All posts tagged: writing

The Nature and Purpose of Śamatha

// by B. Alan Wallace Buddhist inquiry into the natural world proceeds from a radically different point of departure than western science, and its methods differ correspondingly. Early pioneers of the scientific revolution, including Copernicus, Kepler, and Galileo, expressed an initial interest in the nature of physical objects most far removed from human subjectivity: such issues as the relative motions of the sun and earth, the surface of the moon, and the revolutions of the planets. And a central principle of scientific naturalism is the pure objectification of the natural world, free of any contamination of subjectivity. This principle of objectivism demands that science deals with empirical facts testable by empirical methods entailing testability by third-person means; and such facts must, therefore, be public rather than private, which is to say, they must be accessible to more than one observer. Another aspect of this principle is that scientific knowledge — paradigmatically knowledge of astronomy and physics — must be epistemically objective, which is to say, observer-independent. A profound limitation of this ideal is that it …

Healing Sound

Freedom within the Dimensions of Silent Retreat Practice 

by Janet Solyntjes // Do you associate the practice of mindfulness meditation with freedom? How is freedom discovered within the form of a meditation retreat?  This article is intended to offer a framework in which to view silent retreat practice as a path to freedom.  The Gateway to Retreat: Motivation and Preparation  The gateway to retreat is acknowledging your personal motivation for retreat practice. Motivation is often based in a longing of the heart and a curiosity of the mind. The following questions might spark a knowing of your personal motivation: Are you seeking to bring a renewed inspiration into your life and relationships? Do you long for a deeper appreciation for your mindfulness meditation practice? Are you curious if hours of formal mindfulness and awareness practice will positively influence your sense of being human?   Having touched into the spark of personal motivation you will need to follow with some preparation.  The most important preparation involves cultivating an inner resolve to abandon any hope of fruition. Really.  Let go of hope regarding the outcomes of retreat.  Let go of fear, too. Simply attend to the three dimensions of retreat, as best you can.   The Outer Dimension of Retreat: Environment  Over thousands of years and across the globe, women and men have sought places of seclusion and quietude for engaging in deep contemplation and meditation.  What did their places of refuge look like? Picture Henry David Thoreau spending time along the shores of …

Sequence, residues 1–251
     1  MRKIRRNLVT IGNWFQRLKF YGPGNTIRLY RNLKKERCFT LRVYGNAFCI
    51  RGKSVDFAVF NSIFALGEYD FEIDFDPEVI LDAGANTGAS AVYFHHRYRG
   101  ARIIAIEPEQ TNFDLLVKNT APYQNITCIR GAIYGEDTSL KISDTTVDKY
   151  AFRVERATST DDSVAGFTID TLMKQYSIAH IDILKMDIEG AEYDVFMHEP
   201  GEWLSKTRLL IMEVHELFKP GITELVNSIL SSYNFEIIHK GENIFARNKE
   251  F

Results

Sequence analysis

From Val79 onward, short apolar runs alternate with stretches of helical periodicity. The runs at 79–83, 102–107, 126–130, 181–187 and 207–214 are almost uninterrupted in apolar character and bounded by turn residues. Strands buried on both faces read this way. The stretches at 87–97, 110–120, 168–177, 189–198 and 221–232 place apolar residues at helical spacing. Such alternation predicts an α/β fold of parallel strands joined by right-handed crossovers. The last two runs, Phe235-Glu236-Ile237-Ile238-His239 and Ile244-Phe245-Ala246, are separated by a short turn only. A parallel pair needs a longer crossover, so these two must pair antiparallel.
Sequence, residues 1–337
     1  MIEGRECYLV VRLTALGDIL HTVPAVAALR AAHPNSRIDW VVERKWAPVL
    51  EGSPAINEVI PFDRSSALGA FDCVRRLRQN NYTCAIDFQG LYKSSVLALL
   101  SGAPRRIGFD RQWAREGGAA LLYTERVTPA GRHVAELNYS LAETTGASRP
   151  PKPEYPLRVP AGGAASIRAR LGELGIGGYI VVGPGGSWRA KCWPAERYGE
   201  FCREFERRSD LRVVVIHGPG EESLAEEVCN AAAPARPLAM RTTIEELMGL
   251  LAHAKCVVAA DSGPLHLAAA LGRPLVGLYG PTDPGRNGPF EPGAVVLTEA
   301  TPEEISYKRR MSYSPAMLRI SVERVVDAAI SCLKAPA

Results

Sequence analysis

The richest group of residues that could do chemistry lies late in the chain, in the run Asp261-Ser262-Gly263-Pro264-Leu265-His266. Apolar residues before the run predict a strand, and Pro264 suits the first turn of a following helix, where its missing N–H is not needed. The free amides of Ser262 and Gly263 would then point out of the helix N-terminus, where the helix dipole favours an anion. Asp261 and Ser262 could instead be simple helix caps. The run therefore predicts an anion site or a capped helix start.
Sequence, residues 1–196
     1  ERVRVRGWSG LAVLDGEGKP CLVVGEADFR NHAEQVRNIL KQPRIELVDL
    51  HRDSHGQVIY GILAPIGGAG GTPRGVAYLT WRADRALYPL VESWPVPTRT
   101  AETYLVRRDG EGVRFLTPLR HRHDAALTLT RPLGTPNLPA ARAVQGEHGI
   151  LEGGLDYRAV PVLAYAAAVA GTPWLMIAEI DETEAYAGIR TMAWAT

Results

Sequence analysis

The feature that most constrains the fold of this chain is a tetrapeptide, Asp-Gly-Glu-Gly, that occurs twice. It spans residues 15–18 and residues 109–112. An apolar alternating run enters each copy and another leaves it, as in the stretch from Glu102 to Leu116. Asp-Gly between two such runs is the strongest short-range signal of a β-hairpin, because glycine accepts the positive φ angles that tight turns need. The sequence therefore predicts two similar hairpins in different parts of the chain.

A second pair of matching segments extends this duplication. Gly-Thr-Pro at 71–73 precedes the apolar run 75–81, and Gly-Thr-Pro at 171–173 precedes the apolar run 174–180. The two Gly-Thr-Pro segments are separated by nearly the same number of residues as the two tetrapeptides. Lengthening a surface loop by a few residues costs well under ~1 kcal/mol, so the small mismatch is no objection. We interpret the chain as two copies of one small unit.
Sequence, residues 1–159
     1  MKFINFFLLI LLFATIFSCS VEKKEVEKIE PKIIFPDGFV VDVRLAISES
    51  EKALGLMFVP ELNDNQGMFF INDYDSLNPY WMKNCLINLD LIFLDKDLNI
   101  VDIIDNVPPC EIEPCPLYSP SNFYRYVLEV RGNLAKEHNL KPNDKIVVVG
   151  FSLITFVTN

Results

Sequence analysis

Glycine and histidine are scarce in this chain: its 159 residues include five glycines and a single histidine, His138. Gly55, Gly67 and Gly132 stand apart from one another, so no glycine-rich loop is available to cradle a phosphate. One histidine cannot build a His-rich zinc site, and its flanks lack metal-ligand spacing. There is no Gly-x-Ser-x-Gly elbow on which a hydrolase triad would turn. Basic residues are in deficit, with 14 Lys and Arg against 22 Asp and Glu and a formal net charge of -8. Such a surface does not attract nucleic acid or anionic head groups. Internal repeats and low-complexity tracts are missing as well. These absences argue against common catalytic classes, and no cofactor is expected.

Susan Piver on Meditation and Creativity

By Susan Piver // The other day, I read a tweet from someone looking for advice about taking up meditation for creative reasons. Could it help one become more creative, they wondered? I’ve had ample opportunity to study this question. I lead meditation and writing retreats that are about reconnecting with our own creativity and, beyond that, with the moment of inspiration. And after all, what is creativity, exactly, besides a continuous series of moments of inspiration? Which raises the questions: What is inspiration and where does it come from? Can my meditation practice help? When it comes to the latter question, the answer is “absolutely” and “maybe not.” Fascinatingly, Dictionary.com offers us this definition of “to inspire”: “To infuse into the mind; to communicate to the spirit; to convey, as by a divine or supernatural influence; to disclose preternaturally; to produce in, as by inspiration.” And this: “To draw in by the operation of breathing; to inhale.” At no point is the definition offered: “to be clever” or “to impress.” Rather, the definition points …